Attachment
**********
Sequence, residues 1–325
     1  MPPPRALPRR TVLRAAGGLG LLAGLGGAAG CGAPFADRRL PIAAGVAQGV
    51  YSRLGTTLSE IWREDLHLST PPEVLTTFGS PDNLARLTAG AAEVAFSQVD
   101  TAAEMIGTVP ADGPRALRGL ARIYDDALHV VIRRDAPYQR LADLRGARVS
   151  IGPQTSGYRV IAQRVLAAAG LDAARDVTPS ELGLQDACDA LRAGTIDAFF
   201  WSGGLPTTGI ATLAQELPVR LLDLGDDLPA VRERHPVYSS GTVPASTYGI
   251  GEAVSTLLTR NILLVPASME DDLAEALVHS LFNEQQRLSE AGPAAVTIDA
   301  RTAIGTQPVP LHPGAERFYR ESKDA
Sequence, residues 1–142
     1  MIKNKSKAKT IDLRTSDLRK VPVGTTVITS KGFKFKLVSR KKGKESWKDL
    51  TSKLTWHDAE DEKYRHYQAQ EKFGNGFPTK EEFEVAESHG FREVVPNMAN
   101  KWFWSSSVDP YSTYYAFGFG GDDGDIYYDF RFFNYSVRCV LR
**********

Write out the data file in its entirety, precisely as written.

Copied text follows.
Sequence, residues 1–325
     1  MPPPRALPRR TVLRAAGGLG LLAGLGGAAG CGAPFADRRL PIAAGVAQGV
    51  YSRLGTTLSE IWREDLHLST PPEVLTTFGS PDNLARLTAG AAEVAFSQVD
   101  TAAEMIGTVP ADGPRALRGL ARIYDDALHV VIRRDAPYQR LADLRGARVS
   151  IGPQTSGYRV IAQRVLAAAG LDAARDVTPS ELGLQDACDA LRAGTIDAFF
   201  WSGGLPTTGI ATLAQELPVR LLDLGDDLPA VRERHPVYSS GTVPASTYGI
   251  GEAVSTLLTR NILLVPASME DDLAEALVHS LFNEQQRLSE AGPAAVTIDA
   301  RTAIGTQPVP LHPGAERFYR ESKDA
Sequence, residues 1–142
     1  MIKNKSKAKT IDLRTSDLRK VPVGTTVITS KGFKFKLVSR KKGKESWKDL
    51  TSKLTWHDAE DEKYRHYQAQ EKFGNGFPTK EEFEVAESHG FREVVPNMAN
   101  KWFWSSSVDP YSTYYAFGFG GDDGDIYYDF RFFNYSVRCV LR